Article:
Is Europe swimming away from commitments on bluefin tuna?



Posted on 04 June 2010  | 
Northern bluefin tuna (Thunnus thynnus) off the coast of Spain.
Northern bluefin tuna (Thunnus thynnus) off the coast of Spain.
© Brian J. Skerry / National Geographic Stock / WWFEnlarge
Rome, Italy :  WWF applauds Canada, Japan, Korea and the United States for this week's statement reconfirming  commitments to urgently establishing a science-based recovery and management plan for overexploited stocks of Atlantic bluefin tuna.

But the global conservation organization is surprised at the absence of the European Union, whose fleets catch most of the fish, in backing the statement.

Released at an informal meeting this week of some members of the International Commission for the Conservation of Atlantic Tunas (ICCAT) in Barcelona, Spain - where countries met to “confirm their commitment to stock recovery and sustainable management” of the species - the statement reiterates commitments made in March in Doha at a meeting of the largest international wildlife trade convention, CITES.

“WWF congratulates Canada, Japan, Korea and the United States for this loud and clear statement but is alarmed to see that the EU is not among those endorsing the need for sustainable tuna management, especially after being a driving force behind the Doha commitments," said Dr Sergi Tudela, Head of Fisheries at WWF.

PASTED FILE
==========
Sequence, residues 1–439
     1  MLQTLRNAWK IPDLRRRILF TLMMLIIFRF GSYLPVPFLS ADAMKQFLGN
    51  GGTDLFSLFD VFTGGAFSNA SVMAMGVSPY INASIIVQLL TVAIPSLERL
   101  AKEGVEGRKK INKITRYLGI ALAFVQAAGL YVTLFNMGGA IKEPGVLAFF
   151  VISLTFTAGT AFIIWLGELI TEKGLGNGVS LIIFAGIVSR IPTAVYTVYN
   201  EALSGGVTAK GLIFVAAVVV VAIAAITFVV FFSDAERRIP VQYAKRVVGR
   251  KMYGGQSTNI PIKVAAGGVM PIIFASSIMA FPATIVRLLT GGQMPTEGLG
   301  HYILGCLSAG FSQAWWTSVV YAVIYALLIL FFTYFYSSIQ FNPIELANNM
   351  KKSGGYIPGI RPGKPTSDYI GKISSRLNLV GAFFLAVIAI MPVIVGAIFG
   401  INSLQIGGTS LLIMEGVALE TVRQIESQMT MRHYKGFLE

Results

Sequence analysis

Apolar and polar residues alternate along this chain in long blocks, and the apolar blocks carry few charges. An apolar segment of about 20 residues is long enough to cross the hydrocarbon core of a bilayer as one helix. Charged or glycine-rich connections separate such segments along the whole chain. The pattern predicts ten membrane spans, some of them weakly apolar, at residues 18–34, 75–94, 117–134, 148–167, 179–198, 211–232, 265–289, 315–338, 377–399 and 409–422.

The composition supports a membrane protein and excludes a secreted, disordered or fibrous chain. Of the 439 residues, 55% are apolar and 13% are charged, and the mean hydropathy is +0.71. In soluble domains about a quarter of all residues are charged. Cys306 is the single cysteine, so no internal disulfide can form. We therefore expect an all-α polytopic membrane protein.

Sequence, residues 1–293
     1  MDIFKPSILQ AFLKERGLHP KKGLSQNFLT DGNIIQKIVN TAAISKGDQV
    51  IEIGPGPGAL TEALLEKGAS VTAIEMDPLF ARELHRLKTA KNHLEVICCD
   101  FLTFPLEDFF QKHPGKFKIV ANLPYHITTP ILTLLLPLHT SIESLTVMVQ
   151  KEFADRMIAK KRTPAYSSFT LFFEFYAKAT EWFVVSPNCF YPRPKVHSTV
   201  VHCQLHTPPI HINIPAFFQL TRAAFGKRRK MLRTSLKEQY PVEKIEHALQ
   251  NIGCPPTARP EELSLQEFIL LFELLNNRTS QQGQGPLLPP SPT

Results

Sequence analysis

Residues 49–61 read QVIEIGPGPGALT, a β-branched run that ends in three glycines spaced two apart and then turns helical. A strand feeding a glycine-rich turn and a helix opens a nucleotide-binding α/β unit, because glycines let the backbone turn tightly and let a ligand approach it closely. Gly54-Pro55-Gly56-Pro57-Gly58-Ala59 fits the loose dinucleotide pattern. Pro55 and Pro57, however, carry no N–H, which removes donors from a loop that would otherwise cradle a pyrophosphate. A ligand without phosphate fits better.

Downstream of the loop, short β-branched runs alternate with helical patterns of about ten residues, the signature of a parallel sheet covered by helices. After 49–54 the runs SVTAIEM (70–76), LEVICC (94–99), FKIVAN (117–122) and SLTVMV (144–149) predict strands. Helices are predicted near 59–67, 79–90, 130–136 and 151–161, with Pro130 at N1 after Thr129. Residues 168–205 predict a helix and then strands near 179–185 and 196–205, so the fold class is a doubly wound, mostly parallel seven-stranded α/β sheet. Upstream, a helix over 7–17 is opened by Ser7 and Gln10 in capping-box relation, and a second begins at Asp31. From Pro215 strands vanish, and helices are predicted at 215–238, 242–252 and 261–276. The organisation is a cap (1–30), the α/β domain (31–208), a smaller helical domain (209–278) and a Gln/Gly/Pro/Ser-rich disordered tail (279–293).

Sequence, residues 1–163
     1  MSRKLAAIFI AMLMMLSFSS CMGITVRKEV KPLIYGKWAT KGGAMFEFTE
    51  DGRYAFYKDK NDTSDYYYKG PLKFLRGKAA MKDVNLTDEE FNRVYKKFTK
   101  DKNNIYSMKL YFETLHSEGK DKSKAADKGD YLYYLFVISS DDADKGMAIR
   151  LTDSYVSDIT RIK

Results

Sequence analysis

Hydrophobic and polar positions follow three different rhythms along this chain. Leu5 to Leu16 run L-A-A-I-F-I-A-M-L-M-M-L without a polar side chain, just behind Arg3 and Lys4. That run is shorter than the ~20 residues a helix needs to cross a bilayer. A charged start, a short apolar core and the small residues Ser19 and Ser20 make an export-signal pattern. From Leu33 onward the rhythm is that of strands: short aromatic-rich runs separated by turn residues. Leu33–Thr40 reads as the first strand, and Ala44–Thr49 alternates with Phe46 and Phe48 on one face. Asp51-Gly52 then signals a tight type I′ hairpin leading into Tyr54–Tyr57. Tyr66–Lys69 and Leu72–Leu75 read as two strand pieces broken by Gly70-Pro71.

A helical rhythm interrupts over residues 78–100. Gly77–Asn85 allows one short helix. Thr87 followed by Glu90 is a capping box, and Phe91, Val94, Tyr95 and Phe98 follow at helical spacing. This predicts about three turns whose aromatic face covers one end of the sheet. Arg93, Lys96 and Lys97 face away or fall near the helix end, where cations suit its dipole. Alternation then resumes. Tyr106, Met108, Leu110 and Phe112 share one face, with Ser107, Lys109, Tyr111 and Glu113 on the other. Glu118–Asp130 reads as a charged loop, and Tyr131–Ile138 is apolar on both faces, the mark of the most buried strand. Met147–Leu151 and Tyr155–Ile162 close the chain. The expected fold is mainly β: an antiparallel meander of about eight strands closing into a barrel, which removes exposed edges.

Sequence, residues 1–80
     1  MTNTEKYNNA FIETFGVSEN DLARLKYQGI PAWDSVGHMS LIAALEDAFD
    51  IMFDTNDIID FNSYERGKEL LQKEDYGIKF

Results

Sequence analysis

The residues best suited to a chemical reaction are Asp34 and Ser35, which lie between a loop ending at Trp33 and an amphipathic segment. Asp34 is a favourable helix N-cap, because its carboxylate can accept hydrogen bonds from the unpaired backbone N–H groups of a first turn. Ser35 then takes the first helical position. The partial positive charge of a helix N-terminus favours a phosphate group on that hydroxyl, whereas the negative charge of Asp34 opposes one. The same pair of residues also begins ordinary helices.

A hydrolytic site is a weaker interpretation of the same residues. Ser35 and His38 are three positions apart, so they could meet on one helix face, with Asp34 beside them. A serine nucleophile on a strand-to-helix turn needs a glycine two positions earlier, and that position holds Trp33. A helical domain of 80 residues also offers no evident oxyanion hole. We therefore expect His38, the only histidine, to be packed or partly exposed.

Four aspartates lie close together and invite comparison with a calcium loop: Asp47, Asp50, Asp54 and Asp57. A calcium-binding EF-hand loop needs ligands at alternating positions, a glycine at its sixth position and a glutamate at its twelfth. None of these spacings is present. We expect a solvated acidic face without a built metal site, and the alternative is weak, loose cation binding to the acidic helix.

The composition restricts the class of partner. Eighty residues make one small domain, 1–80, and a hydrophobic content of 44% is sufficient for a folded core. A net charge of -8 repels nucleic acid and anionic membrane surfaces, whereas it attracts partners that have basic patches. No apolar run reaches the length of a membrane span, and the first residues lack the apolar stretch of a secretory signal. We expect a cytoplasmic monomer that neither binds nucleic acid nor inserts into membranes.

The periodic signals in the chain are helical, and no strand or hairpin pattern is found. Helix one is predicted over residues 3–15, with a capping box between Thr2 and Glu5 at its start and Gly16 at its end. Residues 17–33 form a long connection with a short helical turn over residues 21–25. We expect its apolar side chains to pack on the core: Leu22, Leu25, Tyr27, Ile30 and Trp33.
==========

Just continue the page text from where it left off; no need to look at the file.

"Now more than ever, at a time when EU fisheries policy as a whole is supposedly being entirely reformed towards greater sustainability, EU backing is crucial” 

The statement underlines the need to push for “a comprehensive set of measures for recovery”, “accurate reporting”, restricted fishing capacity, eliminating illegal trade, punitive action in cases of non-compliance with rules, and “monitoring, control and enforcement measures” at the next annual meeting of all ICCAT parties in November in Paris, France.

Specifically, Canada, Japan, Korea and the United States stress the need for “sustainable harvest levels to ensure at least a 60% probability” of recovery no later than 2022 - and that in 2009 ICCAT members agreed “to establish a 3-year recovery plan for Eastern Atlantic Bluefin Tuna at (the) 2010 annual meeting, based on advice from the (ICCAT scientific committee), and suspend (bluefin tuna) fisheries for the eastern (Atlantic) stock in 2011 if a serious threat of fishery collapse is detected”.

“The message from Canada, Japan, Korea and the United States to the whole of ICCAT could not be clearer - the time for science-based recovery and management for Atlantic bluefin is now or never, and illegal fishing and trade will no longer be tolerated,” said Sergi Tudela of WWF.

“WWF appeals to the EU and all other ICCAT member countries to back this position. It is for the good of the tuna but also the good of fishermen and their families, for a consumption tradition, and for the marine ecosystem at large - if there’s no more fish, there’s no gain in this for anybody.”

More on bluefin tuna

Northern bluefin tuna (Thunnus thynnus) off the coast of Spain.
Northern bluefin tuna (Thunnus thynnus) off the coast of Spain.
© Brian J. Skerry / National Geographic Stock / WWF Enlarge

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